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Analysis of Bagging • Expected error= Bias+Variance – Expected error is the expected discrepancy between
Analysis of Bagging
• Expected error= Bias+Variance
– Expected error is the expected discrepancy between the
estimated and true function
[(()
ˆ
E
f
X
− E
[ ()])] 2
f
X
– Bias is squared discrepancy between averaged
estimated and true function
([( )]
ˆ
)]) 2
E
f
X
− E
[(
f
X
– Variance is expected divergence of the estimated
function vs. its average value
[(() [()])] 2
ˆ
ˆ
E
f
X
− E
f
X
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When Bagging works?

Under-fitting and over-fitting

When Bagging works? Under-fitting and over-fitting • Under-fitting: – High bias (models are not accurate) –

Under-fitting:

– High bias (models are not accurate)

– Small variance (smaller influence of examples in the training set)

Over-fitting:

– Small bias (models flexible enough to fit well to training data)

– Large variance (models depend very much on the training set)

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Averaging decreases variance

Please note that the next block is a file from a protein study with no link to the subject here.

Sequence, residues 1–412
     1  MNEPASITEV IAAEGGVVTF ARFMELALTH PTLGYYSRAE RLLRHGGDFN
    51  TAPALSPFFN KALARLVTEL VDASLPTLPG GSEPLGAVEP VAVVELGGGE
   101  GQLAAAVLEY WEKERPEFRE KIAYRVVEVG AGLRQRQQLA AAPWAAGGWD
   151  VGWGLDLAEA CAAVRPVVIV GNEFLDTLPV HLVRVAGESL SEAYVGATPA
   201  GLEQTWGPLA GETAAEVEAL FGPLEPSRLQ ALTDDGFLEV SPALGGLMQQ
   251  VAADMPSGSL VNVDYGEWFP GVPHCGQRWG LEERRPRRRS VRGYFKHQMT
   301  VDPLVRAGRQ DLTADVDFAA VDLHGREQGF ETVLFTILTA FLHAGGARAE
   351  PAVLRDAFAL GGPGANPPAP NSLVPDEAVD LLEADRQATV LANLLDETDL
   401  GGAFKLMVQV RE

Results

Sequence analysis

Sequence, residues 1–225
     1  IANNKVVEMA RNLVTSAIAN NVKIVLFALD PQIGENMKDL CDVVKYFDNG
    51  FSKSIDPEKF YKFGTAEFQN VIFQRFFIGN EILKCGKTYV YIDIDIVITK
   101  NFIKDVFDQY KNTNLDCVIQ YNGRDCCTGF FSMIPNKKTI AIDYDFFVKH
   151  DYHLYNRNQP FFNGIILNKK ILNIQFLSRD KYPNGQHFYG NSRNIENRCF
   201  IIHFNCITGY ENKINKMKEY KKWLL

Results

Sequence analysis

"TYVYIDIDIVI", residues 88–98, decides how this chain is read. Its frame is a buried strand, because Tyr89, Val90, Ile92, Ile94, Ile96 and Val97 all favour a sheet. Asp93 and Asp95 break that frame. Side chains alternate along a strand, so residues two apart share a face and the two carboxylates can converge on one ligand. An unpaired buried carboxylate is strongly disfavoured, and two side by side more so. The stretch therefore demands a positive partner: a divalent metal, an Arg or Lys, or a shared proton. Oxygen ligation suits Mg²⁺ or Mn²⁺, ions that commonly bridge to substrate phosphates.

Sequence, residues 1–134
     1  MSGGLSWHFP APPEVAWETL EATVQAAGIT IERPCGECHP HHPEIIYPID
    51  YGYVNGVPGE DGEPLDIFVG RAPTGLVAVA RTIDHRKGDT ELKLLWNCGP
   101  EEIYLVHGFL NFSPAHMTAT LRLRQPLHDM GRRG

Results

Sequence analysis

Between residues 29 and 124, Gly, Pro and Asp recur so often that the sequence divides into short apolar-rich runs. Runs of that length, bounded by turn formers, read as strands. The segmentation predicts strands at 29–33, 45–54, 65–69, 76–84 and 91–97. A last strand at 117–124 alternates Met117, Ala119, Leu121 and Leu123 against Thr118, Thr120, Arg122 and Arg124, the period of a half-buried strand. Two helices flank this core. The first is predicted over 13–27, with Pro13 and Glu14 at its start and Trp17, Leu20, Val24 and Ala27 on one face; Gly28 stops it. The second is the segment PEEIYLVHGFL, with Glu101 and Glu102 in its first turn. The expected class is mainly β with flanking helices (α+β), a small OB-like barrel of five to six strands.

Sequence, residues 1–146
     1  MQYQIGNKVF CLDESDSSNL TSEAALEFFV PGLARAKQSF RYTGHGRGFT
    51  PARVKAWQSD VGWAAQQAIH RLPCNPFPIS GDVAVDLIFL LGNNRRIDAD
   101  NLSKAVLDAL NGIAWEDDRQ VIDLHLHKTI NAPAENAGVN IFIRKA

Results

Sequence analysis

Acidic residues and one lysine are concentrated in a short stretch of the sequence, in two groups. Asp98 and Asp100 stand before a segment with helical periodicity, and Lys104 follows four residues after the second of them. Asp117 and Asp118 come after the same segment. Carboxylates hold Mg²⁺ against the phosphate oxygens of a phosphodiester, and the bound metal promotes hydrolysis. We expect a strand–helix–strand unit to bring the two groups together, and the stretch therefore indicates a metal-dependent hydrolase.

Example

 

– Assume we measure a random variable x with a N(µ,σ 2 ) distribution

– If only one measurement x 1 is done,

 

• The expected mean of the measurement is µ

• Variance is Var(x 1 )=σ 2

 

– If random variable x is measured K times (x 1 ,x 2 ,…x k ) and the value is estimated as: (x 1 +x 2 +…+x k )/K,

 

• Mean of the estimate is still µ

• But, variance is smaller:

– [Var(x 1 )+…Var(x k )]/K 2 =Kσ 2 / K 2 = σ 2 /K

Observe: Bagging is a kind of averaging!

 

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When Bagging works

 

Main property of Bagging (proof omitted)

 

– Bagging decreases variance of the base model without changing the bias!!!

– Why? averaging!

 

Bagging typically helps

 

When applied with an over-fitted base model • High dependency on actual training data

 

It does not help much

 

High bias. When the base model is robust to the changes in the training data (due to sampling)

 

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Boosting. Theoretical foundations.

PAC: Probably Approximately Correct framework

(ε-δ) solution

PAC learning:

– Learning with the pre-specified accuracy ε and confidence δ

the probability that the misclassification error is larger than ε is smaller than δ

P ( ME

( c ) > ε ) δ

Accuracy (ε ): Percent of correctly classified samples in test

Confidence (δ ): The probability that in one experiment some accuracy will be achieved